Every year, more than 250,000 people experience a hip fracture, the majority being people 65 and over. Hip fractures can reduce future independence and may even shorten one’s life. Within two years of a hip fracture, more than half of men and 40 percent of women are living in a long-term care facility or have died.

Therapy is critical to a positive outcome

Most patients typically remain in the hospital from three to five days. After that, most patients are discharged to a rehabilitation facility before going home. Here, patients receive physical and occupational therapy. Physical therapy includes strength and balance exercises, while occupational therapy focuses on the activities of daily living such as dressing, grooming, bathing.

A recent study showed that the best care is provided by facilities that treat more than 25 patients a year. “Facilities that had cared for more than two dozen hip fracture patients in the last 12 months were more than twice as likely to successfully discharge patients in a timely manner compared to facilities that had three or less hip fracture admissions,” according to Pedro Gozalo of Brown University, the study’s lead author. Alden sees nearly 450 hip fracture patients each year.

Thomas Storer, a lecture at Brigham and Women’s Hospital notes that people appear to do better in a professional rehab setting than do-it-yourself rehab at home. Without someone to oversee and motivate, patients have to rely on their own initiative, which may wane because of pain, laziness or getting back into old routines.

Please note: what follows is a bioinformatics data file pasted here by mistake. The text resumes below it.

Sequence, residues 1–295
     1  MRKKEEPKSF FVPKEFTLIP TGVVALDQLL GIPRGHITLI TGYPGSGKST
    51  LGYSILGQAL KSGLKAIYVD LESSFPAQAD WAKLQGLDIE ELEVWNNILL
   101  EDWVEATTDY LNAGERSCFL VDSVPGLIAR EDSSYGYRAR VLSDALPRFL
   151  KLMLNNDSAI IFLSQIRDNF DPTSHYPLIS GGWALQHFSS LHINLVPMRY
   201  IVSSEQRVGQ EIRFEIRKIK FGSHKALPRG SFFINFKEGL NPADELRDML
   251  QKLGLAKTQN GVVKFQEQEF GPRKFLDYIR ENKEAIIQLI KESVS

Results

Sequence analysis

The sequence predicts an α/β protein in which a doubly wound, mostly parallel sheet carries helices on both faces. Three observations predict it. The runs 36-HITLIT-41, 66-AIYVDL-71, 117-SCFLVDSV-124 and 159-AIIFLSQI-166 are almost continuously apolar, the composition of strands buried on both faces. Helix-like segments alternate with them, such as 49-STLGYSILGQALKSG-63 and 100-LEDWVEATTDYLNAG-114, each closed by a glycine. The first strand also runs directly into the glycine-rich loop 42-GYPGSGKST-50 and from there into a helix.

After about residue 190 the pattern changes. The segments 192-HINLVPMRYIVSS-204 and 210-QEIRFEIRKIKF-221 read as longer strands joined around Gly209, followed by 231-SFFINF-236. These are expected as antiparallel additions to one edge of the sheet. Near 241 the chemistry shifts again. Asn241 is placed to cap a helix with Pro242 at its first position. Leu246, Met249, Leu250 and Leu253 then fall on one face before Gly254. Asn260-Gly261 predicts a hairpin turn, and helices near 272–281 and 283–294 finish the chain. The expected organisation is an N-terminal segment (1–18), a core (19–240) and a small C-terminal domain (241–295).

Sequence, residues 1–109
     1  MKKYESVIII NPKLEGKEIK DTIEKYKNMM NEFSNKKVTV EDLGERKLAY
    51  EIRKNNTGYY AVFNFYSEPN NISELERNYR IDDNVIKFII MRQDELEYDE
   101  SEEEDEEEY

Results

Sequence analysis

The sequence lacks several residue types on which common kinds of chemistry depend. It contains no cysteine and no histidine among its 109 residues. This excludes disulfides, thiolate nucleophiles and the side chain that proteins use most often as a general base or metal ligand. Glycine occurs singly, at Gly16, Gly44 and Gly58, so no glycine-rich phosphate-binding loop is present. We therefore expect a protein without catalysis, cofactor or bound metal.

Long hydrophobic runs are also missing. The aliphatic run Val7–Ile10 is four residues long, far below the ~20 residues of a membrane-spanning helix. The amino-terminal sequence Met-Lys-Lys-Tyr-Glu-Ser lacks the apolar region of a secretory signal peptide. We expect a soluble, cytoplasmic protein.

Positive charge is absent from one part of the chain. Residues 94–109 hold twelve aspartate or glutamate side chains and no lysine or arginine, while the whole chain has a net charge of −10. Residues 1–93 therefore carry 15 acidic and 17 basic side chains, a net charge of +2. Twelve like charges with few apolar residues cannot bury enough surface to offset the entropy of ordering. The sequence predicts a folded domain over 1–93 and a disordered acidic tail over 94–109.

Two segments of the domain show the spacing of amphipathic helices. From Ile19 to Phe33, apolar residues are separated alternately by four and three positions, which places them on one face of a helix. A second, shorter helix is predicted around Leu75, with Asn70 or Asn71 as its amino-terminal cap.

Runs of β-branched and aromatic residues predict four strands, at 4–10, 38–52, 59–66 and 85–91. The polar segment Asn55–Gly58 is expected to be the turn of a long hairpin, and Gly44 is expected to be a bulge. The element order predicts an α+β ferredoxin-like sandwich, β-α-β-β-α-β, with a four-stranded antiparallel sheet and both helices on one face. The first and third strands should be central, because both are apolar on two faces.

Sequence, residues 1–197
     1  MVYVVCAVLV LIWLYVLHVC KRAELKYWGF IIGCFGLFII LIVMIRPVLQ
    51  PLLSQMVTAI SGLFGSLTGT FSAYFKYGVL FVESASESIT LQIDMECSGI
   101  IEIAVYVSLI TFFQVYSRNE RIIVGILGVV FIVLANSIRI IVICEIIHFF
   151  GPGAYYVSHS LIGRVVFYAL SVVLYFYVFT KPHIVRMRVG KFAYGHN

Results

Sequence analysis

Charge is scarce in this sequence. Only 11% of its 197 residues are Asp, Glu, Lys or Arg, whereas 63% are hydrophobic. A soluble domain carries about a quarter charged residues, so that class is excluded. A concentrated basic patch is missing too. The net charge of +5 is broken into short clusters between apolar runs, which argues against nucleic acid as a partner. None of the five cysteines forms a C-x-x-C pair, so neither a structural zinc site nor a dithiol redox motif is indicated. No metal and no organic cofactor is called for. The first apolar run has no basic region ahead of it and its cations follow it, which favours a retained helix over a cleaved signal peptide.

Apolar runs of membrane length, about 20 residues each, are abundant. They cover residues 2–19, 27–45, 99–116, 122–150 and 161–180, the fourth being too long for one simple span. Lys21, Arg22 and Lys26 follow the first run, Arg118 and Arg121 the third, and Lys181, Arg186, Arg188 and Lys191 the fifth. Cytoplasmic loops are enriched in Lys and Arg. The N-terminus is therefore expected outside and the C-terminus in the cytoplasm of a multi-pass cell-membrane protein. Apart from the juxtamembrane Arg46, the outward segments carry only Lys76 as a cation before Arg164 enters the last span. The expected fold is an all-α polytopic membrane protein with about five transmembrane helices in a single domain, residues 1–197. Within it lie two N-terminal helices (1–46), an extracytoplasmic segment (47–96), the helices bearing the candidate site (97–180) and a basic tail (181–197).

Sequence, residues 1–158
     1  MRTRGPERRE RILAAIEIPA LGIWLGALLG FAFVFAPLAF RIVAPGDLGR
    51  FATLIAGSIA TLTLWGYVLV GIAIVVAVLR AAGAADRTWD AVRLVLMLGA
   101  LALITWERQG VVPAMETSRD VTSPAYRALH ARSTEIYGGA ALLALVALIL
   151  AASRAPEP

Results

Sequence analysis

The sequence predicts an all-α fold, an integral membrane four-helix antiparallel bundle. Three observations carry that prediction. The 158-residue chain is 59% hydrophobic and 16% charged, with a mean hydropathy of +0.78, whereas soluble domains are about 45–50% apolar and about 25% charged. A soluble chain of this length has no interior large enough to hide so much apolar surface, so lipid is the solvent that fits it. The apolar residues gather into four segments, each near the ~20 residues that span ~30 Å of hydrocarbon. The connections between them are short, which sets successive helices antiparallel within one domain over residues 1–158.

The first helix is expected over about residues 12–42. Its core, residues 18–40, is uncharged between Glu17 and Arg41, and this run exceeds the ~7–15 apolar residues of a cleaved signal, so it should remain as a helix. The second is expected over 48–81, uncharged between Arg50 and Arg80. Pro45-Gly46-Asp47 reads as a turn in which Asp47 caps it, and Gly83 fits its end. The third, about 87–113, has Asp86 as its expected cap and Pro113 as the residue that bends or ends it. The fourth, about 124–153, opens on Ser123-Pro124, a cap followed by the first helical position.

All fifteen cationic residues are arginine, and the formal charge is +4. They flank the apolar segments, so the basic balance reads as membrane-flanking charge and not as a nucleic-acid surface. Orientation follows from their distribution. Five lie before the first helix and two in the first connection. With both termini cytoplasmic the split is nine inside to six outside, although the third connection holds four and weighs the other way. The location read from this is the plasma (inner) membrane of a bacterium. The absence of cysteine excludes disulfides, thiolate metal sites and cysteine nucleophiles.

Preventing fractures

The good news is there are things you can do to prevent the falls that cause hip fractures in the first place. Here’s just a few:

Exercise

Squats, leg extensions and toe stands can strengthen the legs, providing more support when walking; exercises such as tai chi can help improve balance; and walking can improve strength, balance and endurance. Be sure to check with your physician before starting and exercise routine. If you experience any pain, dizziness or trouble breathing during or after exercise, talk with a doctor, nurse or physical therapist.

Check your medications

One of the side effects of many medications is drowsiness or dizziness, which can increase your chance of falling. Many seniors are overmedicated, which can also cause problems. Review all the medication you’re currently taking with your doctor or pharmacist on a regular basis to see if there are alternate medications you can take and to ensure the drugs you’re taking aren’t causing problematic interactions.

Fall-proof your home

Nearly 50 percent of all falls happen in the home. You can help reduce the risk by taking some steps to make the home safer, including:

  • Installing handrails on stairways.
  • Installing grab bars in the bathroom near the shower and toilet.
  • Putting nonskid flooring throughout the house.
  • Removing clutter and making sure frequently used items are within easy reach.
  • Put nightlights in hallways, bedrooms and bathrooms.

Talk to your doctor

Finally, talk to your doctor. Have them evaluate your risk of falling, review your medications and make dietary recommendations, which may include more protein, Vitamin D and calcium.